Tuesday, May 13, 2008

How big? How close?

Back to Darrington - this is one of my favourite photoshopped pictures ever of a windfarm:

Maybe I like it because of happy childhood memories of The Tripods, but I can't help feeling that this is a little misleading - they've sited the 125m turbines right behind Pontefract town hall, which does give the most impressive looming effect, but that's way closer to buildings than the actual siting will be.

What would be fairer would be to do the same photo using the same scaling, but with a cooling tower from the nearby Ferrybridge power station, which come in at a whopping 198m, 25% bigger than the 158m high Blackpool Tower (which seems to be standard unit of comparison for these things).

So why is a smaller, less polluting wind-farm more offensive than a much bigger, more polluting coal-fired station just a few miles away?

Perhaps it's an attempt to repeat this famous picture of Black Law of Scotland:

Again, quite arresting, but I'd like to see that from a slightly different view before I make my mind up ...

Monday, May 12, 2008

Bang go the batteries ...

or perhaps "fizzzz". Whatever, there's not much going on at the moment. We went camping at the weekend, planning to go the ever-excellent Come Together festival in Henley. Getting the beer cold, I noticed the voltage on the battery dropping scarily low, to below 11volts.

This is bad.

We then found out the festival was cancelled 2 weeks ago - this is pretty bad, not least for the organisers who I've bumped into a few times here and there, and seem really decent people. It's also pretty bad for the young people of Henley and surrounding areas - I don't think the "official" Henley festival later in the year is going to make up for it, what with £60 a day, formal dress and the Gypsy Kings on a floating stage. Yet another victim of the new licensing & security laws that are driving so many worthwhile small events out ... but I digress.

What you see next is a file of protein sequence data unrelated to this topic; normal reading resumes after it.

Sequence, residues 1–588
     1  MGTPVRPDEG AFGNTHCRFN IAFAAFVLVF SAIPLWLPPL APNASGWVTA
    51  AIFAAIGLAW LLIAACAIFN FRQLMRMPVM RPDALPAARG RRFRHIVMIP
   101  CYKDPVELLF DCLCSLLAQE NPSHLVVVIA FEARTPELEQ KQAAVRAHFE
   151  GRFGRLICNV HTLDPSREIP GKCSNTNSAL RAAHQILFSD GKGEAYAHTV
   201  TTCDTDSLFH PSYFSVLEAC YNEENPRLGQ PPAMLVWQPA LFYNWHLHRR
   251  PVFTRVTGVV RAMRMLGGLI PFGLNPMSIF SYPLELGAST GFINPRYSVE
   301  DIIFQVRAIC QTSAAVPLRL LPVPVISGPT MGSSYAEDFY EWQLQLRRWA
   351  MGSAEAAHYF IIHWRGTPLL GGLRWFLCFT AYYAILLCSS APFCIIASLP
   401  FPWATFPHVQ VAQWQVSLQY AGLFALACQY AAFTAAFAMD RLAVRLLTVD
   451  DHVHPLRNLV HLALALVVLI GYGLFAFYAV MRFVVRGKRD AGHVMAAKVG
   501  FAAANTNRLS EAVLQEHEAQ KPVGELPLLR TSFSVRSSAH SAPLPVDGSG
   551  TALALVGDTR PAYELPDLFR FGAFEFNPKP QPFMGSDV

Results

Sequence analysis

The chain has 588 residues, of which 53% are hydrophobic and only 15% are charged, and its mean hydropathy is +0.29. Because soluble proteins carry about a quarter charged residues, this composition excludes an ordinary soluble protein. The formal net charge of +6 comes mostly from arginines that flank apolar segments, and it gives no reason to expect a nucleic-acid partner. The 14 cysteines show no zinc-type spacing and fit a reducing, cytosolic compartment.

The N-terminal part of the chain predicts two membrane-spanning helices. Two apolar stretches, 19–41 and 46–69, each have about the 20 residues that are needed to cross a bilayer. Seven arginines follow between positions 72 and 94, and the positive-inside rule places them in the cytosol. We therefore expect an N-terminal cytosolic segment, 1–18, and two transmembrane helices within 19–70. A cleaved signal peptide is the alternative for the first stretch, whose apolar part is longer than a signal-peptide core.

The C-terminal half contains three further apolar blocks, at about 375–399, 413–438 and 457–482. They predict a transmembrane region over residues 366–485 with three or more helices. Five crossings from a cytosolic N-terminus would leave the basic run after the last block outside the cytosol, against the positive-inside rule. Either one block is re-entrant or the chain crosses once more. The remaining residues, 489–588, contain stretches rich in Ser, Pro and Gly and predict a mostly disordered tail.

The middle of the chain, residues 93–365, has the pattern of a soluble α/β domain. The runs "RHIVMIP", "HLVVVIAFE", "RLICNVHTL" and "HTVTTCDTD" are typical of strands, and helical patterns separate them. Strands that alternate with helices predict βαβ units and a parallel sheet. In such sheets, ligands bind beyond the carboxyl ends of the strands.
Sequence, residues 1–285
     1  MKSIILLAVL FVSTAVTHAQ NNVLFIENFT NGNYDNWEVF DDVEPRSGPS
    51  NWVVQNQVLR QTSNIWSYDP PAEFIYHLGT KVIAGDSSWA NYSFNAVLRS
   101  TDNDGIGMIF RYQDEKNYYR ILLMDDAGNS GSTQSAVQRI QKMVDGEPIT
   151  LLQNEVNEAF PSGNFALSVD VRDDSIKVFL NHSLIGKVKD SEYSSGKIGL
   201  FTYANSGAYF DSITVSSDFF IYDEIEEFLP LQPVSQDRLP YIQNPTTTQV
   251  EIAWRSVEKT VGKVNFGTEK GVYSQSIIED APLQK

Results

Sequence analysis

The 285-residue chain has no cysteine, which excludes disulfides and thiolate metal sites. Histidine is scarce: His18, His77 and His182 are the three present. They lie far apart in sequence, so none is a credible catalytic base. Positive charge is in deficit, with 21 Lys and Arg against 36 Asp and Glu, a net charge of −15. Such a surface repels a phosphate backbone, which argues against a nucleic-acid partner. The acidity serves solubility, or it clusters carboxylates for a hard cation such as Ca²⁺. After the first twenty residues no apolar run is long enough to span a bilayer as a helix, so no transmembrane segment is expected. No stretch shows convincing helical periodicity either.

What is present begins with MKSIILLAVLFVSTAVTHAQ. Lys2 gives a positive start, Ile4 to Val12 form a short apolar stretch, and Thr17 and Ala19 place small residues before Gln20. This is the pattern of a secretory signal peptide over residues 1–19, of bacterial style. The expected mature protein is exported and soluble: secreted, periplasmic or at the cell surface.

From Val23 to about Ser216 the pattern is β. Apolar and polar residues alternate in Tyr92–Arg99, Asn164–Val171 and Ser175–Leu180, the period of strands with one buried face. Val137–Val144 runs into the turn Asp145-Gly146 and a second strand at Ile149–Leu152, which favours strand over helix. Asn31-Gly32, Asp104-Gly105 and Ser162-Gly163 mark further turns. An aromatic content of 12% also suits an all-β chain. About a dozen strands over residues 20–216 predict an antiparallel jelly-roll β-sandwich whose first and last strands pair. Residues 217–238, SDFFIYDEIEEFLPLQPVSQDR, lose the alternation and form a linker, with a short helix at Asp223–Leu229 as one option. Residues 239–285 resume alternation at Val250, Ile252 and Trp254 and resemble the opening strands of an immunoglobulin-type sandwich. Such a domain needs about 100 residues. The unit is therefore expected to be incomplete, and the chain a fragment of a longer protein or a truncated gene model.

Before leaving the van for the night (it was a lovely weather, and there's lots of worse places to be than Henley on a nice May evening), I did possibly the worse thing imaginable, looking back. My van came with a dual battery wiring system, so I put another battery onto the other connection. I thought it might help a bit. Looking back, this is just the first of the evening's events I'm blaming the vodka-redbull on

I'm no expert on batteries, but one thing I've learnt is that you have to be careful about matching them up in power ratings. If you connect differently rated batteries together, then the "weaker" one will drag down the more powerful one down.

The other thing to check, if you haven't been drinking all day, is if the second battery you're adding actually has any charge in it. It really does seem that if you connect a knackered flat 70 amp hour car battery to your pained 110 amp hour deep cycle battery, well ... things may not turn out well

There was blazing sunshine all day Sunday, and I turned the panels up at an angle to get the maximum power, but the input power never got much up above 2 amps, when I would have expected at least 3 amps from the conditions. Looking back, this was probably due to increased resistance from a dying battery, but I'm not sure.

During charging, the voltage struggled up to about 12.5 volts, but whenever I took the charge off to see how it was doing without, it dropped to about 10.5. This is very bad. Campsites can be a suprisingly socially hostile environment, especially when you've got a roof full of renewables and a flat battery